The typical set length for EN2 sets is 16 to 40 minutes. Depending on the set structure, rests can be from 5 to 40 seconds, or even up to one minute on a very long repeat.


EN3: Max VO2 (Score Index = 6)

EN3 sets are done at or very close to VO2Max. This is where your energy metabolism is at full tilt, the firehose is open, the drain is draining and overflow drain is draining as fast as possible. In fact it seems like this should be all we ever do. But like everything there is a downside, the EN3 sets are high stress and can be done in somewhat limited quantities. If we were to continue to do them they would bring on stagnation more quickly than other types of sets.

EN3 sets are also usually 16 minutes long but there is significant amounts of rest in them, up to 1 to 1 ratio of work to rest. Since your hr often gets very close to its max, this type of set affects your heart function. The amount of plasma in your blood goes up, maximum stroke volume is improved, and since you are working near VO2max, your VO2max level is improved.



Work on critical paces has shown that doing a lot of sprint work, the SP1 and SP2 levels can be detrimental to your aerobic fitness. So at the extremes, if all you ever did was sprint work, your aerobic metabolism would get worse and you could actually end up slower in your chosen event for it. The mechanisms once again are not exactly clear, if nothing else, sprint work takes a lot of time in your workout. Thirty minutes spent on an SP1 set would not be unusual, but that is 30 minutes not spent developing your aerobic metabolism. There are other more in depth mechanisms used to explain why, but they are all offshoots of, if you do less aerobic work for one reason or another, your aerobic metabolism won’t work as well. And included in that “One reason or another,” is a 40 minute set of sprint work.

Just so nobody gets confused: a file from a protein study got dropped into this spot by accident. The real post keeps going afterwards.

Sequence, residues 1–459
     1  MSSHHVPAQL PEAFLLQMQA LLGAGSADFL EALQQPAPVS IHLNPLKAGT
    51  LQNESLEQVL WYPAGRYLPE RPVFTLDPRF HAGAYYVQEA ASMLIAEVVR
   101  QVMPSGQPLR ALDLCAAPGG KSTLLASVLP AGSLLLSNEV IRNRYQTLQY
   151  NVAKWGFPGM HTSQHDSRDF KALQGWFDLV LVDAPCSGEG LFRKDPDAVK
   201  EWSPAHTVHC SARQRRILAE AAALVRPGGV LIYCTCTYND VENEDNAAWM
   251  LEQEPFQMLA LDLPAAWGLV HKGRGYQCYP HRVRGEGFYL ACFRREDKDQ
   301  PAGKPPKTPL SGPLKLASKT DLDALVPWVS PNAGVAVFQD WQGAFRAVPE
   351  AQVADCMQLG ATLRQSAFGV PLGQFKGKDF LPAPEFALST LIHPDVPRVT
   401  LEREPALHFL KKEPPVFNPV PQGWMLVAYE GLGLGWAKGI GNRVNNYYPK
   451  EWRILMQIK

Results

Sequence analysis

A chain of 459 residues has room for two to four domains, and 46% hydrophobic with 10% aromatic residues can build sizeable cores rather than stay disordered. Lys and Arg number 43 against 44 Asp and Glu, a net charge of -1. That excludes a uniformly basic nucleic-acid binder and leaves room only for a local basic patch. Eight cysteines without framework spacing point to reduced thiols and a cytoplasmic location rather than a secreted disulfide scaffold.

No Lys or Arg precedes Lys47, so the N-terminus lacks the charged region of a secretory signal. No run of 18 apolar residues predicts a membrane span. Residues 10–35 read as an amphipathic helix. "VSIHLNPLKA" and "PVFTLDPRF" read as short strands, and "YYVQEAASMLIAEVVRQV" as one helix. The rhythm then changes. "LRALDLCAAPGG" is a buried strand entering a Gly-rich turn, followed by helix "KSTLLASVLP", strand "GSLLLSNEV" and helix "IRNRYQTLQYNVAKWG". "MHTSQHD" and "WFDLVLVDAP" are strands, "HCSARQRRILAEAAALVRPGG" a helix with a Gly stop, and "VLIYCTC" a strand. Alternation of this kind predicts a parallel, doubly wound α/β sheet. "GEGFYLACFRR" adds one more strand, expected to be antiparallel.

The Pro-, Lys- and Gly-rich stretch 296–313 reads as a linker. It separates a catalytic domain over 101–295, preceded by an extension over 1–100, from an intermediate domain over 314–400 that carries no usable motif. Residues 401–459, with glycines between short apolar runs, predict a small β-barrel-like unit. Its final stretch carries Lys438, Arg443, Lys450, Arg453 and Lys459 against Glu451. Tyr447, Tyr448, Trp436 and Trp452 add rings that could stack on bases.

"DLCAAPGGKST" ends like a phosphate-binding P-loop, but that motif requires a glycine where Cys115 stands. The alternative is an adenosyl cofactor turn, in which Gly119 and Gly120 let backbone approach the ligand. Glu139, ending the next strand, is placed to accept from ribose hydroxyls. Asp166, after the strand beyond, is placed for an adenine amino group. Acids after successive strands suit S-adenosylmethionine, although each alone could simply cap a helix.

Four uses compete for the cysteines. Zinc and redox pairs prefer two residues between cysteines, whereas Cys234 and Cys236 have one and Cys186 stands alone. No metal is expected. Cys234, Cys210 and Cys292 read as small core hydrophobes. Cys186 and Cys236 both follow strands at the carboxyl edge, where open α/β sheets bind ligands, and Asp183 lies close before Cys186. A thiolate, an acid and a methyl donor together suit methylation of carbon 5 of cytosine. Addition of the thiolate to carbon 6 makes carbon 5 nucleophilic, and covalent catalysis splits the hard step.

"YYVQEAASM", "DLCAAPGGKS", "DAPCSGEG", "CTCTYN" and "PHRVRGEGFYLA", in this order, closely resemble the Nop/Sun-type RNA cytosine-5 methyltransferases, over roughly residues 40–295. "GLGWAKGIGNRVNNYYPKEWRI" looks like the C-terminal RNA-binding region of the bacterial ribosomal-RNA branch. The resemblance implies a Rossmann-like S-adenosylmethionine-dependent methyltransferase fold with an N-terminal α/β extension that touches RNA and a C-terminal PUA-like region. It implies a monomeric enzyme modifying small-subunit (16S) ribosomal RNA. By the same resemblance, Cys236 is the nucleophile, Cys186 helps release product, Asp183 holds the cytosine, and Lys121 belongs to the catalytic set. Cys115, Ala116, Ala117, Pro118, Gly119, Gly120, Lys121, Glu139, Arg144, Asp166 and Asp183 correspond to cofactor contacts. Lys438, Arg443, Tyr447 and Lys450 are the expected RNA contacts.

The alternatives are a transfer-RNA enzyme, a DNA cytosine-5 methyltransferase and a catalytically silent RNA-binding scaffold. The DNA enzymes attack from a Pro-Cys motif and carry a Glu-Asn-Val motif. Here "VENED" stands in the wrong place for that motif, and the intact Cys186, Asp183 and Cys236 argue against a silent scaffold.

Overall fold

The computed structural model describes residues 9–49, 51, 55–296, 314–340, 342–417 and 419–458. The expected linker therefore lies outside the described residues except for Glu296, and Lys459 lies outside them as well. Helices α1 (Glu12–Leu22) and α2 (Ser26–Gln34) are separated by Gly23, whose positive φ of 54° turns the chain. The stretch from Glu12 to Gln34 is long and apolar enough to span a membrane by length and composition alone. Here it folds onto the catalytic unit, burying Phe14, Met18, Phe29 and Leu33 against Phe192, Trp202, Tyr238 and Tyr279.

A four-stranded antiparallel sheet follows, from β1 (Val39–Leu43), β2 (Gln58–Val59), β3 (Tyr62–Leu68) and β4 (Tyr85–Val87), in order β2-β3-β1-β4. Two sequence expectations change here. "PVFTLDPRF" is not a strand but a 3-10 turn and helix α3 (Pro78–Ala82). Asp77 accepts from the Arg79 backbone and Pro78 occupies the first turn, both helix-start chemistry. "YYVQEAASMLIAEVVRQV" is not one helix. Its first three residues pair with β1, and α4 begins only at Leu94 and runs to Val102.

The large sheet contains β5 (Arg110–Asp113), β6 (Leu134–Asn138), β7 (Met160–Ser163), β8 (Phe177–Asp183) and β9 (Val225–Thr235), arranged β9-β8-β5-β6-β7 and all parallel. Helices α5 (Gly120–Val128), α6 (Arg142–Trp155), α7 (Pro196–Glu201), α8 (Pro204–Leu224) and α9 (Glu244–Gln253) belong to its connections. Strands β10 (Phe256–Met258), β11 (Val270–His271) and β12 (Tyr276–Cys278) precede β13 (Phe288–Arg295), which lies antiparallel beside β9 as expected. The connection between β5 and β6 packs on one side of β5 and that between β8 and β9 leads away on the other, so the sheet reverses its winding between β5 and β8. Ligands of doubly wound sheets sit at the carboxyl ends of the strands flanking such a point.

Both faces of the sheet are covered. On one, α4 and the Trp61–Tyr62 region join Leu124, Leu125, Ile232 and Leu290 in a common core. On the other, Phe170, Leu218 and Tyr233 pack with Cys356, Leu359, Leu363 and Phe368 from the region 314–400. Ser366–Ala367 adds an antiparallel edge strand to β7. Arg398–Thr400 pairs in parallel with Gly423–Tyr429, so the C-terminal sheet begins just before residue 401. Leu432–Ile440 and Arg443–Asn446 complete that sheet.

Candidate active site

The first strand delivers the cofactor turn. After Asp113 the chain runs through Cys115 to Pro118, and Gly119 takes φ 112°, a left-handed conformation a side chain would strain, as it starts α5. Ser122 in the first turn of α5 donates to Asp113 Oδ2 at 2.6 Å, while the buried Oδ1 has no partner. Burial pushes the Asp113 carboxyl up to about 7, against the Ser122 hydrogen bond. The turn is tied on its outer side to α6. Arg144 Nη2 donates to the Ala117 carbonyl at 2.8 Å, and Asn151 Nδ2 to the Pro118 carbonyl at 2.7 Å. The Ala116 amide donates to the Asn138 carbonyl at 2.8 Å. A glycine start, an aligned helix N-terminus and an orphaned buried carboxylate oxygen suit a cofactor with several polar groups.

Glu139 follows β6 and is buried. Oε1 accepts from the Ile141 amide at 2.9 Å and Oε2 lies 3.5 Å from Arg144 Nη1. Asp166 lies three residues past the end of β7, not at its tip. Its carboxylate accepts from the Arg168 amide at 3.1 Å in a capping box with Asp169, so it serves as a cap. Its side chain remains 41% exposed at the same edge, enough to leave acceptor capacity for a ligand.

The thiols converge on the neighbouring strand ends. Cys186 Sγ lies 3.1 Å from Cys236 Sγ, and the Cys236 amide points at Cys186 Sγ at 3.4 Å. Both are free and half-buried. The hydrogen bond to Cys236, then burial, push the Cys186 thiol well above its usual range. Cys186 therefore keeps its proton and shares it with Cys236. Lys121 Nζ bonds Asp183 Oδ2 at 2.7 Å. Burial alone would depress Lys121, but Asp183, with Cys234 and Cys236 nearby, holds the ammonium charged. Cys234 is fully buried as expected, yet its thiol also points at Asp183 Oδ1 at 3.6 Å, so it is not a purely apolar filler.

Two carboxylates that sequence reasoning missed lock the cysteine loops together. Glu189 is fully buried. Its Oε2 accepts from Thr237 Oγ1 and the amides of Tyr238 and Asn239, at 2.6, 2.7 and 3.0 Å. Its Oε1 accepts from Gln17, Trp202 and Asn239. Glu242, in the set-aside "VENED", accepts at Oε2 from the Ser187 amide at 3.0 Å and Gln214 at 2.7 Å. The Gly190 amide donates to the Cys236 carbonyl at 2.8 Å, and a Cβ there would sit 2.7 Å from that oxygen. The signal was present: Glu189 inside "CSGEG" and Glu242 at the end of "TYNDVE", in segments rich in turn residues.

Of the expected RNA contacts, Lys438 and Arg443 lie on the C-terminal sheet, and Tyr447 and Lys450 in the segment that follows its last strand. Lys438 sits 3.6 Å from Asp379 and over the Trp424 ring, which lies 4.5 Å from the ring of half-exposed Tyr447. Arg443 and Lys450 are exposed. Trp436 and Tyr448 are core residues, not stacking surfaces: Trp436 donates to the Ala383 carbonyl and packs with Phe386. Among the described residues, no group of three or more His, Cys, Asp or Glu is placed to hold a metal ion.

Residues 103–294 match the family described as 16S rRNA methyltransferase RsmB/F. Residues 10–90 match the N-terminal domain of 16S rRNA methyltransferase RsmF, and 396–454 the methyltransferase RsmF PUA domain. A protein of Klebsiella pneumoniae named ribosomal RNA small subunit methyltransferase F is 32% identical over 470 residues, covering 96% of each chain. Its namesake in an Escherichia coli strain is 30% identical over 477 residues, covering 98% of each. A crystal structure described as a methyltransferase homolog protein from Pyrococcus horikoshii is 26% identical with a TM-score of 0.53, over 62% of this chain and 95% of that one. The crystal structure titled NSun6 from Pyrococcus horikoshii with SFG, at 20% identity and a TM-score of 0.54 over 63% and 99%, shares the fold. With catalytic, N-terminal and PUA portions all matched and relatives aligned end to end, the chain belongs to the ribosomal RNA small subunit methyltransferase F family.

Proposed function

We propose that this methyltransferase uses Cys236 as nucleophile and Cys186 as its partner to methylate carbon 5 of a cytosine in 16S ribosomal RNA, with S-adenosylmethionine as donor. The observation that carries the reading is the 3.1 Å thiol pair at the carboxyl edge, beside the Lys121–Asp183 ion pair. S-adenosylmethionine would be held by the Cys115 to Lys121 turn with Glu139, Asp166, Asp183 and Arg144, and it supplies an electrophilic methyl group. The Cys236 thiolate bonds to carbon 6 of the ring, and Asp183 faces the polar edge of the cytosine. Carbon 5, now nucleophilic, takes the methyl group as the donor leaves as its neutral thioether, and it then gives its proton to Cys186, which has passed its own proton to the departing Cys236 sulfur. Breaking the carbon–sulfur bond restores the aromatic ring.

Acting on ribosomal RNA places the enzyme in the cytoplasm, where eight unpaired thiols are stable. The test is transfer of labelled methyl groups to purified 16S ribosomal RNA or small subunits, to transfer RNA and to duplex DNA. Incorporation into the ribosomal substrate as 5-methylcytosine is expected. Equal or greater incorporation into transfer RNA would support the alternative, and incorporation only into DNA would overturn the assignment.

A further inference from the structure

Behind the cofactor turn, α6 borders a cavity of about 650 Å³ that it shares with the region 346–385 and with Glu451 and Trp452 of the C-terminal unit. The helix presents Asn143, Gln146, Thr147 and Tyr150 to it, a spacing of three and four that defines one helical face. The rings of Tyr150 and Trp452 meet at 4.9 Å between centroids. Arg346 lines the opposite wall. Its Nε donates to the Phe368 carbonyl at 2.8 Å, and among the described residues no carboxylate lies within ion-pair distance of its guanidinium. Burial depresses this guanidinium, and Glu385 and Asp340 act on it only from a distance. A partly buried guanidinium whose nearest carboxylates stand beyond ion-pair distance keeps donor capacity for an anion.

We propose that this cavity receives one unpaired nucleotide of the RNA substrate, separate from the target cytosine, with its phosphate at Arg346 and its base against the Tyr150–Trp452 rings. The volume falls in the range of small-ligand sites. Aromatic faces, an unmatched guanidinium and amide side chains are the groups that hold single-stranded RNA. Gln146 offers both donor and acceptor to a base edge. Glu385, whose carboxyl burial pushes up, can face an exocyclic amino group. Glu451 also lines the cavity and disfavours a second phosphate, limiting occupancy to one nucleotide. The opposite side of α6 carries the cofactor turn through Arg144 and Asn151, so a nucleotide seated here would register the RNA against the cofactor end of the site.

This is one of the major reasons why coaches tend to switch emphases a bit as the year goes on, too much sprint work early in the season could deteriorate your aerobic metabolism and leave you a step behind come the big race.


SP1: Lactate Tolerance (Score Index = 8)

SP1 sets are also called lactate production sets, these sets are intense but due to the set structure with shorter intervals and longish rests, the lactate levels don’t get too terribly high. On these you should have some lactate type fatigue setting in during the set but not so much that your arms start to burn and really struggle. You should be able to maintain a pretty consistent pace through the set. SP1 sets are high stress and can be taken in small doses for a good chunk of the season.